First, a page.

Flying debris, a reduction in air quality, noise pollution, and other environmental issues come into play.

This demolition procedure is only adopted when the other options aren’t viable or not available. Before this commercial demolition procedure is picked, its pros and cons must be weighed.

It’s abandoned when the cons outweigh the pros.

Commercial Demolition Requirements

Commercial demolition must follow set standards. This means it’s not done haphazardly. All commercial demolition procedures must follow the Clean Air Act regulation.

This act is a federal law that regulates air emissions from both mobile and stationary sources.

The clean air act sets the National Emission Standards for Hazardous Air Pollutants (NESHAP) regulation. As mentioned earlier, commercial demolition generates a lot of pollution.

This is even more evident where hazardous materials like asbestos are involved.

Certain commercial demolition requirements prohibit the release of visible emissions into the air. Plus, air cleaning and hazardous waste removal procedures need to be performed for some types of operations.

Who To Call For Commercial Demolition Job

Commercial demolition isn’t a simple procedure. As such, you’ll need to be concerned about who does or handles the process. It’s easy to mention that a reputable contractor is hired.

However, knowing who a reputable contractor is, involves some digging around.

Here, we’re speaking of being thorough with your approach to hiring a contractor. As such, part of knowing who to hire includes verifying references and reading between the lines. Be wary of pricing that sounds too good to be true.

What more? You should avoid demolition contractors seeking full upfront payment before the job begins. Is the demolition contractor licensed? Also, check for adequate insurance.

Let’s expand on each of these points for better clarity.

  • Verifying References

Demolition contractors aren’t all the same. While some are highly professional with loads of experience and satisfied clients to show, others aren’t.

As part of the process of hiring the right hands for the job, you’ll need to ask for references and have them verified or cross-checked.

Anything short of willingness on the part of the contractor to provide such references should be a red flag. Even when you receive such references, it’s important to make the extra effort to reach out to such referrals.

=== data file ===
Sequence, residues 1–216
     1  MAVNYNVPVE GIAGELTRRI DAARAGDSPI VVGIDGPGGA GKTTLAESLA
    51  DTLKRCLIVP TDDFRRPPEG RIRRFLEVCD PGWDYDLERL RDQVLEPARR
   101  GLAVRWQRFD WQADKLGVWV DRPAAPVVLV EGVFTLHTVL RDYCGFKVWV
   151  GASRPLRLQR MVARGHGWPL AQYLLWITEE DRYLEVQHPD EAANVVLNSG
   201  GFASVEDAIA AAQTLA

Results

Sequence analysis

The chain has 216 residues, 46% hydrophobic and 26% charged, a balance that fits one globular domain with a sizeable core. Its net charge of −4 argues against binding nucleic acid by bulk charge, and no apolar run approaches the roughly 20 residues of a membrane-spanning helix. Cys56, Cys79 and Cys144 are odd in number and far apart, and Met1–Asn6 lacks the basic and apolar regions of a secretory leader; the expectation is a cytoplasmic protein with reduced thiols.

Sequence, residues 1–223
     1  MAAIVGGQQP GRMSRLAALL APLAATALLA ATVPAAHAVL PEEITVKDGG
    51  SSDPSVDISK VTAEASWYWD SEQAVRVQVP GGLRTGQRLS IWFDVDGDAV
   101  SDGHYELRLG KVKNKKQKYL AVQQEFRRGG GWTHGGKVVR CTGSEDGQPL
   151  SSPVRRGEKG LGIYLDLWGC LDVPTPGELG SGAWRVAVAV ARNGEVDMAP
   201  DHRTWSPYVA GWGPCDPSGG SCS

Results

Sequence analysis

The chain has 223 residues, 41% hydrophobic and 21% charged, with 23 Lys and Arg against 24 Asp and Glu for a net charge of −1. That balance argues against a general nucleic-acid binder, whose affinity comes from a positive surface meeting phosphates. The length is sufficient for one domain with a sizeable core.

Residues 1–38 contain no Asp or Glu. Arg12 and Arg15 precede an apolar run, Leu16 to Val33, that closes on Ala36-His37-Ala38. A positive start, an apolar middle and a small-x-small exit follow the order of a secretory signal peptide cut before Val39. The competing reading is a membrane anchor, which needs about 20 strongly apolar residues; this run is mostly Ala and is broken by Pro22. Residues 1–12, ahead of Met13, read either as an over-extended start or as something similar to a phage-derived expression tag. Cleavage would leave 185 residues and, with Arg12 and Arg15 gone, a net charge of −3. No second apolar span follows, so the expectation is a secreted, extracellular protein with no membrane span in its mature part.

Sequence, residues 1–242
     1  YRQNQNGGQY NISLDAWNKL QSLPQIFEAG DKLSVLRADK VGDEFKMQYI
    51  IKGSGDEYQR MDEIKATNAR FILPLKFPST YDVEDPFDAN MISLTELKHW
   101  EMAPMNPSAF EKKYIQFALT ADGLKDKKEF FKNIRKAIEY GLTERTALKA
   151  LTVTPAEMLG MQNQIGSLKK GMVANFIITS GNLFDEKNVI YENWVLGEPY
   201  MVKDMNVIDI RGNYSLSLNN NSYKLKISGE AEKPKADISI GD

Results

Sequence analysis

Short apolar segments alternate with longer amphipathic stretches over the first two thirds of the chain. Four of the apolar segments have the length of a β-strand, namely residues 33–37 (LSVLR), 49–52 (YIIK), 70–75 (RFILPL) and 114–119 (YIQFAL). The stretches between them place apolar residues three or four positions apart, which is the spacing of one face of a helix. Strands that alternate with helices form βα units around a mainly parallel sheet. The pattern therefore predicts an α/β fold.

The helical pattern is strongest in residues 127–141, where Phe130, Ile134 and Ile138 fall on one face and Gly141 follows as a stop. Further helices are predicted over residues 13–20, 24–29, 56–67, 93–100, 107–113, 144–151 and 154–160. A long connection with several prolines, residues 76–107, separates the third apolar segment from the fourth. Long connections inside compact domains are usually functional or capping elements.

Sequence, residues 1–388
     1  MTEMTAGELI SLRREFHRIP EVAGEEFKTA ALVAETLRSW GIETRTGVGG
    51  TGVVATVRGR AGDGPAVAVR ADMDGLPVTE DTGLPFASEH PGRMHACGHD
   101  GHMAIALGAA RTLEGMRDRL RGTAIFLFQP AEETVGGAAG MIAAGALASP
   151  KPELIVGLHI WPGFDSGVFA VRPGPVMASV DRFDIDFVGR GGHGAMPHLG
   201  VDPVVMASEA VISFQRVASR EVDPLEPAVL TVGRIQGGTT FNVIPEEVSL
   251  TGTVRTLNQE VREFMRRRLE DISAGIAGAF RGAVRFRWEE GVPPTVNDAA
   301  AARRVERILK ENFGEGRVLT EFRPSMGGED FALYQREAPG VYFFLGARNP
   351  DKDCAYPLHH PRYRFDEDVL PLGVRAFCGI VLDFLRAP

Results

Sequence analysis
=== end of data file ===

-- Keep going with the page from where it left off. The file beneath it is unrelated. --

This enables you to learn more about the demolition contractor’s potentials.

  • Reading Between the Lines

Sometimes, demolition contractors may hand you a vague or even non-existent contract to sign.

It’s crucial to know that contracts are legally binding, hence the tendency of being stuck after discovering that you’ve been misled.

To ensure your commercial demolition project is in safe hands, you’ll need to have or identify a running list of contract details to cross-check. Such contract details enable you better assess whether the contractor is the right fit for the job.

Simply communicating on the phone or in person won’t be enough. Having the details in writing draws your attention to key areas you had unknowingly left out or aren’t clear about.

In a nutshell, the contract document should include details on the budget and payment schedule. Other contents should include project details and guidelines.

  • Being Wary of Pricing that Sounds too Good to be True

One mistake often made by many is the obsession with pricing that they don’t notice any red flags. Now, when commercial building demolition cost sounds too good to be true, it’s likely that such a contractor is unlicensed and unqualified.

You may even find out upon further investigations that such a contractor has tons of negative reviews. In simple terms, never lose sight of what’s most important.

In other words, there should be a balance between pricing and satisfactory services.

  • Avoid Full Upfront Payment Before Job Commences

When a demolition contractor asks for full upfront payment even before the commencement of work, that’s a major sign of incompetence.

It could even be a sign of fraud. Paying anywhere from 30 to 50% of the contract amount is totally fine. However, anything more than that is a red flag.

  • Only Licensed Demolition Contractors are Good Enough

Does your demolition contractor have what it takes in terms of licensing to get the job started? Now, there are different license types for particular types of commercial demolition work.

There should also be no mix-up between insurance, bond, and license as these are different.

  • Be on the Lookout for Adequate Insurance

Comprehensive insurance plays a key role in commercial demolition. You don’t want to be liable for any action or event outside of normal such as injuries or other mishaps.

A waiver of lien from commercial demolition contractors and subcontractors will also serve to protect you.

As seen so far, commercial demolition is quite extensive as it involves a whole lot of commercial structures. This process should only be handled by experts who are experienced in this field of operation.